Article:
In terms of creating the monster himself, I wanted to do it practically. That was really important to me to carry over what I did from the short into the feature. Also, I think audiences just react to practical monsters in a more visceral way, and the actors on set, especially young actors, like having this big monster to be freaked out by. [It] gives you just the most genuine reactions. So the Jim Henson Creature Shop made us this nine-foot-tall puppet, it’s amazing! It’s operated by four puppeteers, and it was great because you could be on set and actually have the monster interacting with everyone and you kind of had to squint your eyes and not look at the four blue men in suits operating him [haha] but it was truly terrifying. They did such an amazing job.
My direction to them was to create something that of course was terrifying but it moved in a way that felt as sad and lonely as their internal psyche was. That continued on to even the sound design at the end, just creating a sound for the character that felt pain as they walked uncomfortably and you could feel that empathy for them even as they were scaring you.
Come Play focuses on some important themes such as loneliness and autism, what makes horror a good platform to discuss themes like this?
Horror films are a great avenue to get to play with some really important, timeless themes or very new themes that we haven’t played with before. I think it works because a lot of people love horror films! I love horror films, there’s a big audience. What’s great about it is you can get such a wide audience to experience a horror movie, and then you can have this thematic stuff that otherwise may have felt like homework or a movie you wouldn’t want to go see. But when it’s surrounded by this really fun shell of a film, this horror excitement of scares and characters who are fighting for their lives and stuff, it just makes you care about the characters more. It feels all the more real when it’s about something that we can all relate to or something that we can see our friends relating to. So I think it’s about creating dramas within a horror framework, it’s like this backdoor way to create a drama by making a horror movie.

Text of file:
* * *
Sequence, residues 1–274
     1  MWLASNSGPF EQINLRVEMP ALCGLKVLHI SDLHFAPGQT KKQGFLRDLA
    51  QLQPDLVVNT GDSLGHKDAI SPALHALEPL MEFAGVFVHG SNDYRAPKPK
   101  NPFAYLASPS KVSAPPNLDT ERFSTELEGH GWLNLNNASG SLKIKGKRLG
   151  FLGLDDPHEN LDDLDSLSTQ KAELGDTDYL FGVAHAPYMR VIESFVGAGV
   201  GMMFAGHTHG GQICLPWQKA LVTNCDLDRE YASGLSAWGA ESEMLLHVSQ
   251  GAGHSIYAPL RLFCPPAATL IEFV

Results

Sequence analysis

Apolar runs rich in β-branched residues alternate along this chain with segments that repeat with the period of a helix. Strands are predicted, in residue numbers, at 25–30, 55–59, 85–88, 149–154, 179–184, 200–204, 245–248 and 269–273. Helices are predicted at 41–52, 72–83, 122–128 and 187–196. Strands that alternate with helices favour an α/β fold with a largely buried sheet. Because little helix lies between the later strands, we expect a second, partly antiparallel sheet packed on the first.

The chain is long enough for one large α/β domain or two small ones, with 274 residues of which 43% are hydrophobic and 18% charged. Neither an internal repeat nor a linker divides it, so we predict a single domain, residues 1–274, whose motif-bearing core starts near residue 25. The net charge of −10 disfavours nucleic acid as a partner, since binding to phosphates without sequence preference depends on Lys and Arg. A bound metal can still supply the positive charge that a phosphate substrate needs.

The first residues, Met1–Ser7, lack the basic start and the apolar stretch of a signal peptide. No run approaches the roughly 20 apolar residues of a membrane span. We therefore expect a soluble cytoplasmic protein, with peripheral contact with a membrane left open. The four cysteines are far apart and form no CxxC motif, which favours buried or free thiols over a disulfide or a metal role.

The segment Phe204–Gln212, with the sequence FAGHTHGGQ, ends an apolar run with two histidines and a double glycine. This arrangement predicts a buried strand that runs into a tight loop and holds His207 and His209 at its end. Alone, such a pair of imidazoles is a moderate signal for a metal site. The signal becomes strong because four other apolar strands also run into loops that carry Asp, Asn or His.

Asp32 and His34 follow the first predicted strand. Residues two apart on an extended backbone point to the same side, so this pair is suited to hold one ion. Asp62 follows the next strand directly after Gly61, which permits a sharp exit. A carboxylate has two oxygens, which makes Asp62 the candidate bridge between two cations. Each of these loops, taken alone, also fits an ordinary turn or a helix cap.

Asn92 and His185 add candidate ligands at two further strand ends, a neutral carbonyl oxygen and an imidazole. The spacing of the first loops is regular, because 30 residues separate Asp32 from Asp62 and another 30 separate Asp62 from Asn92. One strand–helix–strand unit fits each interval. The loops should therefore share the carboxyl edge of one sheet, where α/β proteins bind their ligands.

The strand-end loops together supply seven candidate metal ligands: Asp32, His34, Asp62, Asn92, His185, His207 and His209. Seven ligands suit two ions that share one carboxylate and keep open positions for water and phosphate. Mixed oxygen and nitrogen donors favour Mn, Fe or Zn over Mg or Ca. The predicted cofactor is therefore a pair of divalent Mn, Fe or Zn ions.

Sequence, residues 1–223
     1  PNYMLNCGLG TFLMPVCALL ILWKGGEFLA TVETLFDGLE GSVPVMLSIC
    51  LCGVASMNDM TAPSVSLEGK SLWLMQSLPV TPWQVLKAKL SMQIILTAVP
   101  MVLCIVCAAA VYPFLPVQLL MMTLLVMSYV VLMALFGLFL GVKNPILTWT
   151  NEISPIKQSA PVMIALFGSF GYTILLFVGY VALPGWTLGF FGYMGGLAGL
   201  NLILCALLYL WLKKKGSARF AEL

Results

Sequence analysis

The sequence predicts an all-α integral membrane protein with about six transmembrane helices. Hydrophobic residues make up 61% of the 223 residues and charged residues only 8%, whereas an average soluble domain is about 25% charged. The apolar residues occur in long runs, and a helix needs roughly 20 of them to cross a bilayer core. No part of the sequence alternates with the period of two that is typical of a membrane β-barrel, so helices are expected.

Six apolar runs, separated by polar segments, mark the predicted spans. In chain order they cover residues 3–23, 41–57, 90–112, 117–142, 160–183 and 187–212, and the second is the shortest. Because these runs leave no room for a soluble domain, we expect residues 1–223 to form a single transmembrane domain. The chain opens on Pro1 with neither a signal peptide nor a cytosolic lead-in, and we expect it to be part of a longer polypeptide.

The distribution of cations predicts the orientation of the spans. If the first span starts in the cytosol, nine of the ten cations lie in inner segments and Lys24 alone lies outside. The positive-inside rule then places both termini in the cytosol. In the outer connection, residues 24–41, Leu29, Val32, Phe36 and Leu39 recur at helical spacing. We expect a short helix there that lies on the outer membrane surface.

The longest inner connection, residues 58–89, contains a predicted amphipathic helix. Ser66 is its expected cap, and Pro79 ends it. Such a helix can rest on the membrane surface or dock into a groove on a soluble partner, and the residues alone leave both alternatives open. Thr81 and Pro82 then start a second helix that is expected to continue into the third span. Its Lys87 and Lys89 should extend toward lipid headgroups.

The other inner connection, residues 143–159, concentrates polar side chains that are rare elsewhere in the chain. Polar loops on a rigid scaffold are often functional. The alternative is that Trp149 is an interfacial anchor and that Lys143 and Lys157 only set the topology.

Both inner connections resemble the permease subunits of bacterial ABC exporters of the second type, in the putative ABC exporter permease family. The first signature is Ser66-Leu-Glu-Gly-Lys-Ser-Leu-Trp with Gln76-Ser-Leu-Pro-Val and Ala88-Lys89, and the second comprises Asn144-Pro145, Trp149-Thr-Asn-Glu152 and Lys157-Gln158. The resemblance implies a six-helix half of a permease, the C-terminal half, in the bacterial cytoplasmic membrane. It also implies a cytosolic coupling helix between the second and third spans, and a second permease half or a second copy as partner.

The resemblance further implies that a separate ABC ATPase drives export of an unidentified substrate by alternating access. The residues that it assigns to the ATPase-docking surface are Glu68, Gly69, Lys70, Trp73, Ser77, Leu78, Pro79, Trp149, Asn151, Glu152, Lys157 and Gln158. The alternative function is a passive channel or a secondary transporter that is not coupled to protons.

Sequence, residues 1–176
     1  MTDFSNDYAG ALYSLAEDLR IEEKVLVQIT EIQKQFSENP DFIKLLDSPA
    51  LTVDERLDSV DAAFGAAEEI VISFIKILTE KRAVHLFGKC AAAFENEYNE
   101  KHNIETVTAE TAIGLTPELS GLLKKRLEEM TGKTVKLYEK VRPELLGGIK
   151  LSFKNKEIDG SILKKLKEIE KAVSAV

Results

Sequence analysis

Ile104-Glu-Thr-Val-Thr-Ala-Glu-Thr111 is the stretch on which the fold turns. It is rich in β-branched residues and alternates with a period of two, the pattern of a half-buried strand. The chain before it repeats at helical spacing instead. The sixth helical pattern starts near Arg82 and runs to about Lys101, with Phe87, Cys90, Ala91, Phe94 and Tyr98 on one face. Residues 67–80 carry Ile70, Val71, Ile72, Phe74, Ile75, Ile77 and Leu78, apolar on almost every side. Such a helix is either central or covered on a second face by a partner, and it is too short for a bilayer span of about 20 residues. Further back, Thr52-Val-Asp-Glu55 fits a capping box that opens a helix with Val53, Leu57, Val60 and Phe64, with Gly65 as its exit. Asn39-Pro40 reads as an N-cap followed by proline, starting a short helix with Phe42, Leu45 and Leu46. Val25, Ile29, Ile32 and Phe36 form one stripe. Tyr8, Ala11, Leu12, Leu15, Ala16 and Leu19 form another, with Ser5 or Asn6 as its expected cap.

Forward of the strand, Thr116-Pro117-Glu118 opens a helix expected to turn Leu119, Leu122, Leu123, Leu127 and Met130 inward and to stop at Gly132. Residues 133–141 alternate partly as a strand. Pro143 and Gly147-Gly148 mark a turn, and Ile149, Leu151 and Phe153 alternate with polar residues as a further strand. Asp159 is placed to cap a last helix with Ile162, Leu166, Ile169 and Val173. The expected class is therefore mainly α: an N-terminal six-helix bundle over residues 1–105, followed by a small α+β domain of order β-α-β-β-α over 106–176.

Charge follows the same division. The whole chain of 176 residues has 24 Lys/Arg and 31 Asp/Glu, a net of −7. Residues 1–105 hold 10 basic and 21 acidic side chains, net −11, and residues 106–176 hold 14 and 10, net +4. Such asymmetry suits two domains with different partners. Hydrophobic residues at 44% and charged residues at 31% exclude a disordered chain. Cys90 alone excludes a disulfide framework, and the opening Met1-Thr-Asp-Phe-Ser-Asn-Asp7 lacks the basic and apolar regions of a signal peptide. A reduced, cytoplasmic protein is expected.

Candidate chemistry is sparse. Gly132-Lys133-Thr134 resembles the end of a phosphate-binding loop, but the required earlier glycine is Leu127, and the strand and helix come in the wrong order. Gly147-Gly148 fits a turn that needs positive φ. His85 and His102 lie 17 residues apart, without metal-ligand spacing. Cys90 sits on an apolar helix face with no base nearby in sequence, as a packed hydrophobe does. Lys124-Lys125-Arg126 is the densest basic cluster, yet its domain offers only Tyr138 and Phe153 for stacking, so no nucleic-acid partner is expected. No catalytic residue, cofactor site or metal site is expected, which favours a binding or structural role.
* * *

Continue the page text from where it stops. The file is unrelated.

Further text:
But also the horror is the most fun part about it because you’re getting to really play with the audience. You’re in conversation with the audience when you’re making a horror movie. So in the same way, thematically you want to be in conversation with the audience as well.
What kind of scares can audiences expect from Come Play?
In Come Play we get to have quite a wide variety of types of scares. There’s general suspense throughout and there’s definitely a children-in-peril kind of feeling. Some of my favourite movies like ET and Poltergeist were not afraid to scare kids, but it’s also a movie that I think is appropriate for a family.
The movie’s not super violent, even though scary things happen to people. I wasn’t wanting to make something that ended up being R-rated or was super bloody, but rather something that both adults and their kids could connect to and connect to this very special family at the centre.
So there are scares of all kinds. There’s supernatural stuff. There are jump-scares sure, but hopefully, at the end of the day, people feel the compassion I was trying to put into it in the heart of the film…
Come Play will be released in the UK on digital download from 13 September 2021.